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An excerpt from www.HouseOfNames.com archives copyright 2000 - 2014

Where did the Scottish Marr family come from? When did the Marr family first arrive in the United States? Where did the various branches of the family go? What is the Marr family history?

In Scottish history, few names go farther back than Marr, whose ancestors lived among the clans of the Pictish tribe. They lived in a place called Mar, which was in the county of Aberdeen. It may come from the Old Norse word marr, which was an extremely rare word, that was usually associated with the sea, but sometimes referred to a marsh or a fen. In this sense, Marr would be a habitational name.

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The arts of spelling and translation were yet in their infancies when surnames began, so there are an enormous number of spelling variations of the names in early Scottish records. This is a particular problem with Scottish names because of the numerous times a name might have been loosely translated to English from Gaelic and back. Marr has been spelled Marr, Mar, Marre, Mare and others.

First found in Yorkshire, where they held a family seat from very early times and were granted lands by Duke William of Normandy, their liege Lord, for their distinguished assistance at the Battle of Hastings in 1066 A.D.


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This web page shows only a small excerpt of our Marr research. Another 394 words(28 lines of text) covering the years 1120, 1296, and 1353 are included under the topic Early Marr History in all our PDF Extended History products.

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More information is included under the topic Early Marr Notables in all our PDF Extended History products.

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This oppression forced many Scots to leave their homelands. Most of these chose North America as their destination. Although the journey left many sick and poor, these immigrants were welcomed the hardy with great opportunity. Many of these settlers stood up for their newfound freedom in the American War of Independence. More recently, Scots abroad have recovered much of their collective heritage through highland games and other patriotic functions and groups. An examination of passenger and immigration lists has located various settlers bearing the name Marr:

Marr Settlers in the United States in the 18th Century


  • Christopher Marr settled in Virginia in 1715
  • Alexander Marr who settled in Maryland in 1747
  • James Marr settled in Virginia in 1774

Marr Settlers in the United States in the 19th Century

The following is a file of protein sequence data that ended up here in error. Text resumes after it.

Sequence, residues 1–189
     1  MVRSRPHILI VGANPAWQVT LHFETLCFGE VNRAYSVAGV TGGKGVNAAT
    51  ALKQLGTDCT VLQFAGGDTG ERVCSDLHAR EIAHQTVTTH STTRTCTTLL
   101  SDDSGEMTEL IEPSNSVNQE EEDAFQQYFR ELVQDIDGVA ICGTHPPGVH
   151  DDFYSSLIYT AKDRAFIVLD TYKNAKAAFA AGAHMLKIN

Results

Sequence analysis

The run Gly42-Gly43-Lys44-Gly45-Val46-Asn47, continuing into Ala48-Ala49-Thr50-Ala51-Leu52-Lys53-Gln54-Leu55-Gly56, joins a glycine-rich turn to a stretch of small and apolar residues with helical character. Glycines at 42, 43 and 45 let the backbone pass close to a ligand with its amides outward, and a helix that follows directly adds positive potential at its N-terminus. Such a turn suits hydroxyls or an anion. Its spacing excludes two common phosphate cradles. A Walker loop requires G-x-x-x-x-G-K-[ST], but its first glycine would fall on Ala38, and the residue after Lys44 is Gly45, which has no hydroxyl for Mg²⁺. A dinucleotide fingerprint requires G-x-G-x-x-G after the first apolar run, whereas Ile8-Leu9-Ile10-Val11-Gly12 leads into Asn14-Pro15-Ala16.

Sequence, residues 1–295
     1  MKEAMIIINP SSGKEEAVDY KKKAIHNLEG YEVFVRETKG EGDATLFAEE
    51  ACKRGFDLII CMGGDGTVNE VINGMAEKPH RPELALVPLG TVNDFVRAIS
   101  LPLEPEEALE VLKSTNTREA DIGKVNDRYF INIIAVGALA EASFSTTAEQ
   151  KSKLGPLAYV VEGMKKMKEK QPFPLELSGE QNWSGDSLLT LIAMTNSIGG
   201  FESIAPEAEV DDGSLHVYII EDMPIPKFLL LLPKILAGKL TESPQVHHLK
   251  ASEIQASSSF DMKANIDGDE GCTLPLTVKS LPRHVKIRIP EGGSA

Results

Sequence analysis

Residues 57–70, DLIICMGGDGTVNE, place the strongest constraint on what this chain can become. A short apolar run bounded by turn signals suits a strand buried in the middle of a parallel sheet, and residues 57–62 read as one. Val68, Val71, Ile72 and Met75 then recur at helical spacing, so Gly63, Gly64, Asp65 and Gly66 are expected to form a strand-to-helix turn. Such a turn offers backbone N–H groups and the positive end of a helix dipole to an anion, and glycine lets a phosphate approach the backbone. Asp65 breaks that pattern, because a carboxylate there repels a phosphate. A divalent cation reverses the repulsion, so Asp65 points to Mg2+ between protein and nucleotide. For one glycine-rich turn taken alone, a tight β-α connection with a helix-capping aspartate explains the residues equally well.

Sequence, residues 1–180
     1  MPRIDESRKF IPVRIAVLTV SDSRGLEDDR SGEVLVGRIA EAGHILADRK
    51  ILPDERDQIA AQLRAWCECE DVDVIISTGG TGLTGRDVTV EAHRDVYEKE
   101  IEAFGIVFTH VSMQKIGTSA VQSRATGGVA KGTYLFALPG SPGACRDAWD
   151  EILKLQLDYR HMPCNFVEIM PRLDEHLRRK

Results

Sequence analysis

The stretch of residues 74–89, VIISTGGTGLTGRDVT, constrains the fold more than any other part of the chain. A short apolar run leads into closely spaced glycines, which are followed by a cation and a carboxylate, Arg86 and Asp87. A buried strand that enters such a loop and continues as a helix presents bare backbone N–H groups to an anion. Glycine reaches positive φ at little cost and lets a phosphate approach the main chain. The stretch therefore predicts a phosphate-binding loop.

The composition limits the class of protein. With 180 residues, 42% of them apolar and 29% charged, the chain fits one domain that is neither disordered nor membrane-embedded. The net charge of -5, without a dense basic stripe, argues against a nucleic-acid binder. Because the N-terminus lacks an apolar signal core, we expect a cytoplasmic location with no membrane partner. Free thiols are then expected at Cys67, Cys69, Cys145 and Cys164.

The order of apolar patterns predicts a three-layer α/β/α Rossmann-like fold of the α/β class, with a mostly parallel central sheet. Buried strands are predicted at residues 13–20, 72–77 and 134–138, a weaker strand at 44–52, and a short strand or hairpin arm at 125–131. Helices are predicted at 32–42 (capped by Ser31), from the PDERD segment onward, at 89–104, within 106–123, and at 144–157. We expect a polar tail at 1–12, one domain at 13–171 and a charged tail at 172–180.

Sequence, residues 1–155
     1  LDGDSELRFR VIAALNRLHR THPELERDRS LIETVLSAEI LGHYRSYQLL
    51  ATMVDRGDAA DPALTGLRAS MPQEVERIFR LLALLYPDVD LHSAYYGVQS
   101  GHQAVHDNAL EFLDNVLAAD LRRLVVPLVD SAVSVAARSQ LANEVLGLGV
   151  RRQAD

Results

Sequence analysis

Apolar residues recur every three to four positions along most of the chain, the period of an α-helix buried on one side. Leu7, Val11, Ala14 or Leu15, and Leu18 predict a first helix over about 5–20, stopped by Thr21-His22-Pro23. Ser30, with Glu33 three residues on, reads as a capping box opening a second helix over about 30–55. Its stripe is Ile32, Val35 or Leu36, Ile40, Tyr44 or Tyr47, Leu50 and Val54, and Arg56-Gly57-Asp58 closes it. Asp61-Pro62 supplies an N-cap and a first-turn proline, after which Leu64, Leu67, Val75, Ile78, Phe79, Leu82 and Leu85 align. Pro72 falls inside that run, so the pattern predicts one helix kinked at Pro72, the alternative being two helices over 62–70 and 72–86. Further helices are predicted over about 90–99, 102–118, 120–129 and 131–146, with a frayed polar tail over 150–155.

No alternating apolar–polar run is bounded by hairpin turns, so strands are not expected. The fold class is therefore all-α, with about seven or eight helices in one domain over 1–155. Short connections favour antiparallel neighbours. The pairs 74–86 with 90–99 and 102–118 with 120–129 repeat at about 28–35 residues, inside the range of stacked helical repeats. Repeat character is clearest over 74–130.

• George, Jacob, John, Peter and Thomas Marr arrived in Pennsylvania between 1800 and 1870

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  • Walter Lorenzo Marr (1865-1941), American automaker, founder of the Marr Auto-Car Company in 1903, and later the first Chief Engineer for Buick in 1904
  • Barbara La Marr (1896-1926), born Reatha Dale Watson, an American stage and film actress, known as "The Girl Who Is Too Beautiful"
  • David Francis Marr Jr. (1933-1997), American professional PGA golfer and sportscaster
  • Andrew Marr (b. 1959), British journalist
  • Leslie Marr (b. 1922), British former racing driver
  • Sir Charles William Clanan Marr KCVO (1880-1960), Australian politician
  • Johnny Marr (b. 1963), English songwriter, guitarist, keyboardist, harmonica player, and singer
  • David Courtnay Marr (1945-1980), British neuroscientist and psychologist, eponym of the Marr Prize
  • David Ewan Marr (b. 1947), Australian journalist, author, and progressive political and social commentator
  • Alfred Marr (1862-1940), Australian cricketer


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  1. Innes, Thomas and Learney. Scots Heraldry A Practical Handbook on the Historical Principles and Mordern Application of the Art and Science. London: Oliver and Boyd, 1934. Print.
  2. Barrow, G.W.S Ed. Acts of Malcom IV 1153-65 Volume I Regesta Regum Scottorum 1153-1424. Edinburgh: Edinburgh University Press, 1960. Print.
  3. Hinde, Thomas Ed. The Domesday Book England's Heritage Then and Now. Surrey: Colour Library Books, 1995. Print. (ISBN 1-85833-440-3).
  4. Burke, Sir Bernard. Genealogical and Heraldic History of the Peerage and Baronetage, The Privy Council, Knightage and Compainonage. London: Burke Publishing, 1921. Print.
  5. Adam, Frank. Clans Septs and Regiments of the Scottish Highlands 8th Edition. London: Bacon (G.W.) & Co, 1970. Print. (ISBN 10-0717945006).
  6. Catholic Directory For Scotland. Glasgow: Burns Publications. Print.
  7. Hanks, Patricia and Flavia Hodges. A Dictionary of Surnames. Oxford: Oxford University Press, 1988. Print. (ISBN 0-19-211592-8).
  8. Samuelsen, W. David. New York City Passenger List Manifests Index 1820 - 1824. North Salt Lake, Utah: Accelerated Indexing Systems International, 1986. Print.
  9. Filby, P. William and Mary K Meyer. Passenger and Immigration Lists Index in Four Volumes. Detroit: Gale Research, 1985. Print. (ISBN 0-8103-1795-8).
  10. Burke, John Bernard Ed. The Roll of Battle Abbey. Baltimore: Genealogical Publishing. Print.
  11. ...


This page was last modified on 4 October 2014 at 10:36.

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